On a recent warm evening in Senegal, among the quiet beaches and French colonial homes of Gorée Island, Youssou N'Dour stands onstage, singing in his astonishing tenor, swaying rhythmically to the beat of a hand drum. The crowd is riveted, leaping to its feet at the end of every number. One song in particular, called "Africa," brings N'Dour himself to tears. You'd have to be made of stone not to join him.
In Africa, everyone knows N'Dour. The 49-year-old singer, who has collaborated with Sting, Bono, and Paul Simon, helped popularize Senegalese pop music - a mixture of jazz, soul, rock, and drums known as mbalax - around the world. But nothing has galvanized him like his current cause, the distribution of "microcredits," or small loans, to the very poor in Senegal, which help local residents start or improve their own businesses.
By offering such loans to craftsmen, artisans, and laborers, N'Dour hopes to change the lives of thousands of men and women who live in a country where jobs are so scarce, hundreds of people lose their lives every year trying to reach Europe in flimsy boats. His organization, called Birima, is named after an African king famous for keeping his promises to his people. Accordingly, the only collateral Birima requires to secure a loan is a person's "word and his family's good name."
"The banking system is not adapted to people who don't have any guarantee or security," explains N'Dour. "So it is impossible for institutions to have a simple relationship with people. Our credit is based on a person's promise to pay it back. And the dignity that lends them produces extraordinary results." Italian clothier Bennetton agrees; the company has created a campaign, "Africa Works," around the program's first beneficiaries: a musician, a fisherman, and a jewelry-maker, among others. N'Dour hopes the ads will inspire people to seek his help. As for those unable to read, Birima agents will travel the country, spreading the word with illustrated leaflets.
N'Dour's family was Griot - an African caste considered the keepers of the oral tradition - on his mother's side. "Before the media, we were the people informing others," says N'Dour. As a teen, he started singing professionally; at 20, he formed his first band. Soon, N'Dour was performing in Europe, where he was noticed by Peter Gabriel and invited to tour with him.
Yet despite N'Dour's rise, he never lost sight of his ultimate goal: to help those less fortunate. In 1988, he took part in an Amnesty International Human Rights tour; in 1991, he was named an ambassador for UNICEF; in 2006, he launched an African health initiative to prevent malaria.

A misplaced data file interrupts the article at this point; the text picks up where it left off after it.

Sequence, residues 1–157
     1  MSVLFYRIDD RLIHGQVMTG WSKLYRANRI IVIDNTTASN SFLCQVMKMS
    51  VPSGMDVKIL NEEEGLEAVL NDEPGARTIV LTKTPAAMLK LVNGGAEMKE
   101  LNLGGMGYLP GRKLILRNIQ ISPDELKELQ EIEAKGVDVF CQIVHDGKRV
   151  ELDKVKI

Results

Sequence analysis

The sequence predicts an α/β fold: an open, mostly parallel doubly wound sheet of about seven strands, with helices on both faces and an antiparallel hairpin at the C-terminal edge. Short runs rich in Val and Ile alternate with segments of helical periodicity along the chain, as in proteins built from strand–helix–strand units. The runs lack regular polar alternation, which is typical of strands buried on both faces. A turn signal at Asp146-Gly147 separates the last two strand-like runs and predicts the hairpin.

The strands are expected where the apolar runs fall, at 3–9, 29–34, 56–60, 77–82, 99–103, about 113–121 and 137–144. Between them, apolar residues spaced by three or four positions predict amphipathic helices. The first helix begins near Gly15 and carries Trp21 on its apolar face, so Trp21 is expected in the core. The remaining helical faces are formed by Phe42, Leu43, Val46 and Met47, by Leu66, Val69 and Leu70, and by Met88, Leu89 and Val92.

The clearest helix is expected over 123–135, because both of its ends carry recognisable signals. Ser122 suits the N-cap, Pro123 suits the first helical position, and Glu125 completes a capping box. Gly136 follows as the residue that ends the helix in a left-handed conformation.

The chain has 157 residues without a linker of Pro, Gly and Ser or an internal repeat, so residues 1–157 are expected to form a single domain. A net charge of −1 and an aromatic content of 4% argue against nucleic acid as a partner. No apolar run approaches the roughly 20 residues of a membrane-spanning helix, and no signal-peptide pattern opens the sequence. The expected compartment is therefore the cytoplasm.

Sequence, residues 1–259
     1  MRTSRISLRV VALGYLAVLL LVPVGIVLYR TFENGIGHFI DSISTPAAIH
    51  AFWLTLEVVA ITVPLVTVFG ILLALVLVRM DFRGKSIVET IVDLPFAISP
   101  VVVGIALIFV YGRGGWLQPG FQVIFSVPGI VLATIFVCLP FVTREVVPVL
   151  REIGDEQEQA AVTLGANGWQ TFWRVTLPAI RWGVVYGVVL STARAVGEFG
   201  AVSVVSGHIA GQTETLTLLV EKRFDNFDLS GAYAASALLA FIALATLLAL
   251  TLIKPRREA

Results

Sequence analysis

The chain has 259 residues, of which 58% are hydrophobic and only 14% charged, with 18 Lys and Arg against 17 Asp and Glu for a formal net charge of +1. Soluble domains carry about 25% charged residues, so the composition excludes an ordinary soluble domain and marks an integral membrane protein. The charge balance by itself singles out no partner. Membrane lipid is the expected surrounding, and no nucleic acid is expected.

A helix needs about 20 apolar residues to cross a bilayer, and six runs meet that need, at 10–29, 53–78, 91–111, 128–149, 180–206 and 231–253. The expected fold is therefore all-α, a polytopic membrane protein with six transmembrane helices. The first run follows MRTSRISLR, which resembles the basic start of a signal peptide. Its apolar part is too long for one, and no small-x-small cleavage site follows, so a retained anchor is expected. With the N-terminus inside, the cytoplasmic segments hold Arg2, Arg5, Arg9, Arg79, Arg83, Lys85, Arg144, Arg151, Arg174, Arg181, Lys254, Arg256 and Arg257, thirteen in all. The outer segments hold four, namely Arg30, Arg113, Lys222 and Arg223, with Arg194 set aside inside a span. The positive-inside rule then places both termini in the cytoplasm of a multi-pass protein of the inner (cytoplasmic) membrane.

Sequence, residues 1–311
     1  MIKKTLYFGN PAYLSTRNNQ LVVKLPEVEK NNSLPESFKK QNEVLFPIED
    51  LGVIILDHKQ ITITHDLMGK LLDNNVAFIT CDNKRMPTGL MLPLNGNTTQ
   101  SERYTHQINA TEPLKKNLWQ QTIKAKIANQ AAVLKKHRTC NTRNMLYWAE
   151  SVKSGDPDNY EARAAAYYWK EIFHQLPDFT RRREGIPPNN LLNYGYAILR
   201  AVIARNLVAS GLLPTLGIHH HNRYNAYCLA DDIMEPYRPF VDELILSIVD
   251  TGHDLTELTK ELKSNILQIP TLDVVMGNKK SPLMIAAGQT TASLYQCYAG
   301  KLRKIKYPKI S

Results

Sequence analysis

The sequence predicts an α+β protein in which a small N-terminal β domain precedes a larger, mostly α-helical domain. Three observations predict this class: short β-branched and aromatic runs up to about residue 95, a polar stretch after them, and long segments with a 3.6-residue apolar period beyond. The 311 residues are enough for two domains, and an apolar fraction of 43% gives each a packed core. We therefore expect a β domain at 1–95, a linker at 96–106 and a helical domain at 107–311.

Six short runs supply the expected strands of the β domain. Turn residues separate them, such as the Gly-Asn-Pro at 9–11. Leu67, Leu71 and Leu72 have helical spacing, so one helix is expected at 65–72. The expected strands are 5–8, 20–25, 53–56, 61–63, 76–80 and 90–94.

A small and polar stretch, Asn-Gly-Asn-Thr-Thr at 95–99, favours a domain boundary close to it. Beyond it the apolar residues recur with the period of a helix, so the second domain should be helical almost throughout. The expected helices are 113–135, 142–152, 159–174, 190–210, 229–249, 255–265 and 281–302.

On the night of his Gorée Island concert - held in honor of his Birima campaign - N'Dour personifies Senegal's future and its past. The island, a short ferry ride from the city of Dakar, once served as the final exit point for slaves shipped to Europe and the Americas. But tonight, the serene setting represents the country's new history: as a center for music, hope - and opportunity.
Three of our favorite Youssou N'Dour tunes:
The Cannes Film Festival 2022: The Best Red Carpet Looks
Here's what everyone wore for the festival's 75th year.
By Sara Holzman
The 30 Best Black TV Shows Ever
Clear your schedule. You have some binge-watching to do
By The Editors
Take a Tour of Ali Wentworth's Personal Library
The author and actress shares her favorite reads in 'Shelf Portrait.'
By Neha Prakash
The 15 Best Comedy Movies on Hulu
For when you just need a good laugh.
By Megan DiTrolio
90 Movies You Have to Watch at Least Once in Your Life
The essentials. (Netflix password not included.)
By Bianca Rodriguez
The 79 Best '90s Movies That Are Modern Classics
Truly the golden age of cinema.
By Kayleigh Roberts
The 50 Best Feel-Good Movies to Curl Up With
PJs, a glass of wine, and these films.
By Katherine J Igoe
The 51 Best Musical Movies to Get You Singing
All the dance numbers! All the show tunes!
By Amanda Mitchell
The 52 Best Comedy TV Shows Ever
The shows that will make you laugh until your face hurts.
By Kayleigh Roberts
The 40 Best Psychological Thrillers of All Time
Not stressed enough already? Then watch these movies.
By Zoe Guy
'Ginny & Georgia' Season 2: Everything We Know
Netflix owes us answers after that ending.
By Zoe Guy